Written by Neil Morrison
Neil Morrison is Director, Strategic Development at Alpharmaxim Healthcare Communications
Winter is coming
Winter is coming. As the nights grow longer and the trees start to shed their leaves, the UK National Health Service starts its annual campaign to encourage eligible patients (see below) to attend their GP’s surgery for a flu vaccination.
- All patients 65 years of age and over
- All patients (6 months to under 65 years of age) in a clinical at-risk group
- All patients 2 and 3 years of age
- All pregnant women
- Carers (anyone under 65 years of age, not at-risk and not pregnant who fulfils the ‘carer’ definition)
- All patients in the following school years: reception, 1, 2, 3 and 4
Last year over 20 million people in the UK were eligible for a flu vaccination, but only 59% took up the offer. Variations in the eligible groups were significantly different. The group with the highest number of vaccinations was the elderly, with 72.6% of over-65s having the vaccine. The lowest take-up? The carers group, with only 40% receiving a vaccination.
Given that a large percentage of those carers work in the NHS, why is it that the influenza vaccination campaign, so assiduously pursued by the healthcare services, has such a low take-up?
Healthcare professions (HCPs), like the rest of us, make a variety of excuses for not getting the influenza vaccine. They mention concerns about side effects or effectiveness and the belief that they are not at high risk of acquiring the disease. They cite being too busy, or complain that vaccination is inconvenient.
Some still believe the vaccination gives you the flu. This is clearly not the case – the vaccine contains no live viral particles and a dead virus cannot infect you. A very small percentage do however get a reaction that mimics flu symptoms – a slight fever and some swelling around the injection site that can easily be managed with over-the-counter remedies.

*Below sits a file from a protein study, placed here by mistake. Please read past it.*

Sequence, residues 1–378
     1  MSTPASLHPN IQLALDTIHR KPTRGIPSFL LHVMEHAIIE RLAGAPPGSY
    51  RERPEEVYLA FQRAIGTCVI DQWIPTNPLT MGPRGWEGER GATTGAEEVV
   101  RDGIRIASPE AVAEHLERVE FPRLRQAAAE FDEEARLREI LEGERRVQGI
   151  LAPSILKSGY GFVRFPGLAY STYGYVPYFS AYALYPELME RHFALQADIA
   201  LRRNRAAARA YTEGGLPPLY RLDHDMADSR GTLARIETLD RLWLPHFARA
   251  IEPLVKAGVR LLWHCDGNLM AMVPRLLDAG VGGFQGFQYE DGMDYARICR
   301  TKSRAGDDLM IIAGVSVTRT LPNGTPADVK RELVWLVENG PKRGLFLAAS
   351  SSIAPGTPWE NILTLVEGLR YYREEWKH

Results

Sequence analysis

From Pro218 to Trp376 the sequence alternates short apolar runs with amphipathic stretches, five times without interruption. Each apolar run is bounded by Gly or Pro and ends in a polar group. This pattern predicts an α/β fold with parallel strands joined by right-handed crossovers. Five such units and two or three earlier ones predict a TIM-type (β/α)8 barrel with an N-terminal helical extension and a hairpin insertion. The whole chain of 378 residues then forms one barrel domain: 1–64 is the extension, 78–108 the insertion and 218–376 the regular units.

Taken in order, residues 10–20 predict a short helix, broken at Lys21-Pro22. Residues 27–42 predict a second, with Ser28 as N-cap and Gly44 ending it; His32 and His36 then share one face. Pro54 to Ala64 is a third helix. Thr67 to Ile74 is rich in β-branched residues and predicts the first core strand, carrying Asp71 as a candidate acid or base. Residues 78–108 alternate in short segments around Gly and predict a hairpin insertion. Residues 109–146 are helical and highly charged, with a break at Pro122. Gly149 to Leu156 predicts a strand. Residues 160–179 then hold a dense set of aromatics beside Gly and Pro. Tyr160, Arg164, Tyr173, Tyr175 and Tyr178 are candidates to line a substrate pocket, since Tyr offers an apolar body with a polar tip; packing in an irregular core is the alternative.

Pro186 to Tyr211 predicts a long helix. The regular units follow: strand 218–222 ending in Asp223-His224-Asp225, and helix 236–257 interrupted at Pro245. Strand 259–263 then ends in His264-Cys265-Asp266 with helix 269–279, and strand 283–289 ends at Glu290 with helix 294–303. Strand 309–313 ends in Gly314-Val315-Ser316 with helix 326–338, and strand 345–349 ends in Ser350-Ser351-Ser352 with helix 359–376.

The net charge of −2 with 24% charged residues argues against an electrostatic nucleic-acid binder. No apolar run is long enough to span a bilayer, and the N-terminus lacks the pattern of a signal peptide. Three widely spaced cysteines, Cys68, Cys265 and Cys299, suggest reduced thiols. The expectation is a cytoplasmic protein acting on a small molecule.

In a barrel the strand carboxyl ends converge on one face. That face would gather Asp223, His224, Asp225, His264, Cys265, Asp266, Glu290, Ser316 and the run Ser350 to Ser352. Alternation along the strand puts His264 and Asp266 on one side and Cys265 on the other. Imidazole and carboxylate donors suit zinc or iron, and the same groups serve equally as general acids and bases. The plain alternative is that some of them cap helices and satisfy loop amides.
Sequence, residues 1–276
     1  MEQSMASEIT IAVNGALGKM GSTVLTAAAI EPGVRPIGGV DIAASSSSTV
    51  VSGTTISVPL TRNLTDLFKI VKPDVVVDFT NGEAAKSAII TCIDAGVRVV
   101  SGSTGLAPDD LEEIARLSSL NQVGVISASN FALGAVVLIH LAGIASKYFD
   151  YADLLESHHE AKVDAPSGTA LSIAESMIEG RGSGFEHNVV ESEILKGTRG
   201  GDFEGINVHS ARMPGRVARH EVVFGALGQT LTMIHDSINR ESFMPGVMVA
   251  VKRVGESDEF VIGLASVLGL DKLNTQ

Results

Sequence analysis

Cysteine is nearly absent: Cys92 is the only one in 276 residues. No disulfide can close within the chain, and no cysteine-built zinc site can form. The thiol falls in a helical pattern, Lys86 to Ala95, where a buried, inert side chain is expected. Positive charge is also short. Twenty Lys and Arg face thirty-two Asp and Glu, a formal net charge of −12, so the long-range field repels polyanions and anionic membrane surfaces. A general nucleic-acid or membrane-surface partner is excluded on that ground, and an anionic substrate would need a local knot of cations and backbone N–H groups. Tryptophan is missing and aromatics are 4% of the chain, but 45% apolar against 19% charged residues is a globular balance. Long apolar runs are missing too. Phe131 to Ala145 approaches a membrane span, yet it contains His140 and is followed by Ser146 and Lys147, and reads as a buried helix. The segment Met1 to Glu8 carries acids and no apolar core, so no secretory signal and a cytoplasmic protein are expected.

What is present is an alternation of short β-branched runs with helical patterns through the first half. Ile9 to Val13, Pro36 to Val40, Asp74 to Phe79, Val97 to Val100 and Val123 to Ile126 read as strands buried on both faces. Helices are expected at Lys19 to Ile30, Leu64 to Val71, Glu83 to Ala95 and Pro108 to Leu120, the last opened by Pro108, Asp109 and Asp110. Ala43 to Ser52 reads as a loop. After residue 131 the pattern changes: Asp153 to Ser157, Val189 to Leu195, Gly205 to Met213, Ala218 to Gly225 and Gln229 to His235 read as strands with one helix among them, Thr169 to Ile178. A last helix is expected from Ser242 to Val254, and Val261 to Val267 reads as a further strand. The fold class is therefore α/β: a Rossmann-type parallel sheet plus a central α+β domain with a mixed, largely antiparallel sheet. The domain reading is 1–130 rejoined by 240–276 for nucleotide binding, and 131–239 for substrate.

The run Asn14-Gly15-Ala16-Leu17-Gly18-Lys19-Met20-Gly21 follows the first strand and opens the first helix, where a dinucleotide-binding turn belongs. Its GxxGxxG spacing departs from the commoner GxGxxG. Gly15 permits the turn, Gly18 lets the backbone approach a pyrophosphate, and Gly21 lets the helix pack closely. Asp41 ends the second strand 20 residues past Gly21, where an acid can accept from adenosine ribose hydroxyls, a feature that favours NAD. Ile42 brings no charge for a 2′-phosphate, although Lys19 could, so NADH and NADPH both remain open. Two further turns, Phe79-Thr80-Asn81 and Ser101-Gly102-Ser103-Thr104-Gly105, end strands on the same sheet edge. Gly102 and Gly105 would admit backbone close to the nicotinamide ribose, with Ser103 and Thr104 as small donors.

Of course, there are reasons why the flu vaccine is not for everyone. Most viruses for the flu vaccination are grown in chicken eggs, so those with an egg allergy might need to refuse. Nor does the NHS recommend the flu vaccination to be given if you currently have a fever, although taking it while suffering from the common cold (without fever) shouldn’t be a problem.
Whatever the reasons for the low take-up, the NHS is keen to encourage HCPs to take the vaccine. Last year the national medical director of NHS England called for a “serious debate” over whether NHS staff should be forced to have the vaccination. He said thousands of HCPs were unwittingly “putting patients and their own families at risk” by not having the flu jab.
Compulsory vaccination may or may not be the answer, but it is important to remember that flu vaccinations for those working with potentially vulnerable patients is not actually about them getting ill and being unable to continue work. It is about secondary prevention – increasing herd immunity and preventing potential epidemics.
The more people who get the flu vaccination, the greater overall security of the population at large. It is exactly 100 years ago that influenza ravaged the globe, affecting 500 million people and causing the deaths of at least 50 million worldwide. Aside from basic hygiene measures such as washing hands, annual vaccination against influenza is the most effective way of halting the spread of the virus to those least able to deal with its effects.